Key point #2The last sentence or two in the Intro/Background is the research question or hypothesis.  If you need to know the research question/hypothesis right away, you can skip straight to the end of the Intro/background—and there it should be!

Happy research reading!

Critical Thinking: Do the sections of the abstract AND the sections of the research article match above headings?  Does it match the description of Introduction? Take a look at the free article by Kennedy et al. (2014). Is there a relationship between personality and choice of nursing specialty: An integrative literature, BMC Nursing, 13(40). Retrieved from the link http://www.ncbi.nlm.nih.gov/pmc/articles/PMC4267136/.  question

 

Does Data Drive you Dotty? Then watch this!

Does the very idea of looking at data make your eyes cross and set your teeth on edge?EyesCrossed

If so, I have the solution for you!!   And you DO need a solution because Data–>Information–>Best Practices.

You might be surprised that in less than 10 minutes John Hicks at https://www.youtube.com/watch?v=–r9_R60Jws will have you able to describe the basic approach to data.   He gives you 4 key steps & builds from there.HappyFaces

I promise: No eyes glazing over. No getting lost in numbers and calculations. No problem. Don’t worry; be happy.

LearningI can feel it.  Your research reading skills have gone up a notch!  (And for those of you who are masters of data & analysis, enjoy this link for teaching others.)

For more Info: Watch his great follow-up, short, & sweet videos for more on statistics.

CRITICAL THINKING: First watch the video above—click here if you didn’t yet do that. Second outline the 4 steps using the abstract below. Third, answer these questions: Are the data quantitative or qualitative? Are the data are continuous or discrete? Are the data are primary or secondary?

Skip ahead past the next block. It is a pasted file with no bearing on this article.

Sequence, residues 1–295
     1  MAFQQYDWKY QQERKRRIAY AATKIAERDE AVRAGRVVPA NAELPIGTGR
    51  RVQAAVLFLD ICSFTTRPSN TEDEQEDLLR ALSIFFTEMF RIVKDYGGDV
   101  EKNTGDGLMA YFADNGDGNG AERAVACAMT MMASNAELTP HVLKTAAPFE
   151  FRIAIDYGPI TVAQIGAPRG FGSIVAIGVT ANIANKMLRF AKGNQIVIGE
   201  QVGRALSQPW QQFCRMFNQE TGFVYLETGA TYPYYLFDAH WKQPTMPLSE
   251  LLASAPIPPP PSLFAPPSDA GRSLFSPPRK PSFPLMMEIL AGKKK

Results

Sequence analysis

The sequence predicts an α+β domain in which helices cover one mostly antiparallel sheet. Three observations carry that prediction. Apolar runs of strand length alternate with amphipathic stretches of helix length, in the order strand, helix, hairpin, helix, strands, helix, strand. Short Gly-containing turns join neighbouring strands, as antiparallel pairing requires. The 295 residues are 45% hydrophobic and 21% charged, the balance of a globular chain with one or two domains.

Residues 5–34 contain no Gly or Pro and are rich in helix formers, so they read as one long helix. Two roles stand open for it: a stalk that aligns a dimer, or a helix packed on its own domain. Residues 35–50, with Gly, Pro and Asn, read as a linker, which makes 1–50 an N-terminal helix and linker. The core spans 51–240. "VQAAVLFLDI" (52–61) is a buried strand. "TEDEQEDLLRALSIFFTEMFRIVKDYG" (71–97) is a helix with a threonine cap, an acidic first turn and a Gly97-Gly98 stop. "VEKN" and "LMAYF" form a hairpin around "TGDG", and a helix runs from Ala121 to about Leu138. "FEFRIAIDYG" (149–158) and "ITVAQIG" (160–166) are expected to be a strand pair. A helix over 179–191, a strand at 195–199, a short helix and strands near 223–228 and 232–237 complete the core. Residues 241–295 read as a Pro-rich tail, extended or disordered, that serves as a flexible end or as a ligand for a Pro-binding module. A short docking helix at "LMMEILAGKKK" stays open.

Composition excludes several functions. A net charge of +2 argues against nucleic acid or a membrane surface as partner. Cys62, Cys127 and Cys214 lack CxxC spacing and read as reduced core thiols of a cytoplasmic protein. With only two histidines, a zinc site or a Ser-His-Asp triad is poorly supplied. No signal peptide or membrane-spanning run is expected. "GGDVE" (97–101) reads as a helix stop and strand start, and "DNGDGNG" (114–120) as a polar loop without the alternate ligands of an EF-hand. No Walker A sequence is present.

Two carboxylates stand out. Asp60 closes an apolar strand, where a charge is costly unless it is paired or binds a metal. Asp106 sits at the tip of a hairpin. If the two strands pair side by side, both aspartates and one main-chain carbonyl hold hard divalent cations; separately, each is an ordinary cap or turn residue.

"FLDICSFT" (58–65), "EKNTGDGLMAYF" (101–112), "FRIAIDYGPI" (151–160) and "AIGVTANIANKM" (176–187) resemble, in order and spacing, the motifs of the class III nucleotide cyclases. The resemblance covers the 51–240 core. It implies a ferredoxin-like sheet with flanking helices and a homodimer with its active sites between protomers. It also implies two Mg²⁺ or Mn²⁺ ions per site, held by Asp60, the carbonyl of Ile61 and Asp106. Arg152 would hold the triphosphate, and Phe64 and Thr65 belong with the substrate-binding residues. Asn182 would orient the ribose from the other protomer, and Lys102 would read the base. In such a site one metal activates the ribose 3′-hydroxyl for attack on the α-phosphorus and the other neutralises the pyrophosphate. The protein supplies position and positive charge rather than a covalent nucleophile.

Anjdersson, E.K., Willman, A., Sjostrom-Strand, A. & Borglin, G. (2015). Registered nurses’ descriptions of caring: A phenomenographic interview study. BMC Nursing. doi: 10.1186/s12912-015-0067-9

“Background: Nursing has come a long way since the days of Florence Nightingale and even though no consensus exists it would seem reasonable to assume that caring still remains the inner core, the essence of nursing. In the light of the societal, contextual and political changes that have taken place during the 21st century, it is important to explore whether these might have influenced the essence of nursing. The aim of this study was to describe registered nurses’ conceptions of caring. Methods: A qualitative design with a phenomenographic approach was used. The interviews with twenty-one nurses took place between March and May 2013 and the transcripts were analysed inspired by Marton and Booth’s description of phenomenography. Results: The analysis mirrored four qualitatively different ways of understanding caring from the nurses’ perspective: caring as person-centredness, caring as safeguarding the patient’s best interests, caring as nursing interventions and caring as contextually intertwined.  Conclusion: The most comprehensive feature of the nurses’ collective understanding of caring was their recognition and acknowledgment of the person behind the patient, i.e. person-centredness. However, caring was described as being part of an intricate interplay in the care context, which has impacted on all the described conceptions of caring. Greater emphasis on the care context, i.e. the environment in which caring takes place, are warranted as this could mitigate the possibility that essential care is left unaddressed, thus contributing to better quality of care and safer patient care.” [quoted from http://www.ncbi.nlm.nih.gov/pubmed/25834478]